From complete blackness, a growing and bulging purple circle started to emanate until it completely took up all the vision my point was capable of. It then burst upon my point into a infinite repeat of fractals, and it felt as though my point started to speed through this fractal-type infinity that would never really reach the end. This continued for a while with the fractal pattern changing occasionally.
My point then thought about how a molecule of ketamine could interact inside the brain to cause such a profound experience. Atoms were coloured in the usual way; grey for carbon, white for hydrogen, blue for nitrogen, red for oxygen and green for chlorine. Ketamine molecules started to appear, taking on a ball and stick appearance. They were extremely tiny in comparison to these massive ion channels which sat embedded in the membrane. Every time ketamine would come in close contact and try to bind, immediately my point's visual perception would change to a human having his skin come off to reveal his bare bones. At that point, my point didn't really know what to make of that, but it was nevertheless a spectacular and grounding sight.
There were more of these types of visual representation which I feel were less significant and some quite even hazy in the memory, but these sorts of visuals seemed to continue until the end of the trip. As I slowly regained the ability to move my body parts with more and more control, I got up for a moment. I thought over how profound what I just experienced was for a short while, now in a much more sober state. I then slept for around 6 hours.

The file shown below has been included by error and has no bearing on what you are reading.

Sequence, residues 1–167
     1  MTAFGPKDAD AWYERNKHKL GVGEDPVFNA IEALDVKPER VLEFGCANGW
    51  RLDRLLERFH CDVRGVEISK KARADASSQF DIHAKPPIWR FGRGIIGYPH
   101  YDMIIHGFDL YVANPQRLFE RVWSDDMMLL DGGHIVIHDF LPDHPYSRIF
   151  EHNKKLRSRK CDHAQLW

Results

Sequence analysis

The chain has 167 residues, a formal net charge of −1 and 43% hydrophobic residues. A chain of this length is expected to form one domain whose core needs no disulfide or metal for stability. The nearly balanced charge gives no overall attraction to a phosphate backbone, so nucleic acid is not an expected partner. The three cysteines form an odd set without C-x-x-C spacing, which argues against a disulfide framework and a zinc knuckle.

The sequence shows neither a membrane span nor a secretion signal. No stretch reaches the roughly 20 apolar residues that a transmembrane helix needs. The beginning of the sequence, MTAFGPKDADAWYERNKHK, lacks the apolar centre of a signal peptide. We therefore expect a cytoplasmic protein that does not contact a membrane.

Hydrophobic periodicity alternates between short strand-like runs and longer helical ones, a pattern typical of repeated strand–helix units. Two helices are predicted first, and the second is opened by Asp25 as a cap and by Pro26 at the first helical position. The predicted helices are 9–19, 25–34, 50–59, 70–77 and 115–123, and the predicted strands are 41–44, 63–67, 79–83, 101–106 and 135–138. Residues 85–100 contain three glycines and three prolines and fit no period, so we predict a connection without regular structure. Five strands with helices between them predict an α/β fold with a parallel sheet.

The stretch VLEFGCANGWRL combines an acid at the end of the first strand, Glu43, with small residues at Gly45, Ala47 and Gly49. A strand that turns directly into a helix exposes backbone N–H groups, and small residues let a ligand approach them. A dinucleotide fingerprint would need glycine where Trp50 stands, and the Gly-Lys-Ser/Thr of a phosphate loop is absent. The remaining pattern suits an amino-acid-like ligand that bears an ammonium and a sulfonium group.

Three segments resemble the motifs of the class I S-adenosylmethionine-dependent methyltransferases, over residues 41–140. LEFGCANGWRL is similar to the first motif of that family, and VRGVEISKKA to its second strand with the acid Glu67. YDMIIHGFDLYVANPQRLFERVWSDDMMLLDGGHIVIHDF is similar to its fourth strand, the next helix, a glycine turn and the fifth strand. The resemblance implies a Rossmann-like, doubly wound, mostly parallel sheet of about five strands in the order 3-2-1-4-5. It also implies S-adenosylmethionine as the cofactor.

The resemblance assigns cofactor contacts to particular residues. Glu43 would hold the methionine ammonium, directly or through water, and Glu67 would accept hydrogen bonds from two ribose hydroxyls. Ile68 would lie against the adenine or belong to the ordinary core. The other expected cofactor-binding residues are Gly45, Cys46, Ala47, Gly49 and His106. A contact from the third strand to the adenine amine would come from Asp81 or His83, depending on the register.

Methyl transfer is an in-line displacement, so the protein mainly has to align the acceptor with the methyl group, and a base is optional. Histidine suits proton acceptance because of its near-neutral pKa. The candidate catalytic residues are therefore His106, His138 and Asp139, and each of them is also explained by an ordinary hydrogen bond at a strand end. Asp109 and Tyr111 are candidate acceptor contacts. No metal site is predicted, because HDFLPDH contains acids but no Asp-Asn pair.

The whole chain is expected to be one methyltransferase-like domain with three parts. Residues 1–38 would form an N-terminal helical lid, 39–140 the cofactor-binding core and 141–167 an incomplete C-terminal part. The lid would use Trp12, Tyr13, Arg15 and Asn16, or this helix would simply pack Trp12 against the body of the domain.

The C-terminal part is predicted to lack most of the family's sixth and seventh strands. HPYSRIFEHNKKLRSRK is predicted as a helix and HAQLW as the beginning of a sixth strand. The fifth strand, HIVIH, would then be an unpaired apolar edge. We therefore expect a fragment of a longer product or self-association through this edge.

The next morning as I started to think about what really happened in that quite confusing experience. I realised that acceptance was probably the main theme of this trip, probably driven by the very anxiolytic nature of ketamine which allows one to access and address some questions we might not like to normally. Thinking back to the most significant part of the trip, the loss of ego, I felt as though that grounded me a lot. Just realising the tiny proportion I contribute to perception of the universe was probably why I was able to quite easily face death when normally I don't like to think about it. Normally I get caught up and try to over think how I can change such and such, when a lot of times it is probably better to accept that I have done all I can and that what happens will happen. Being able to view death in an accepting way like that will probably let me be a bit more chill about life.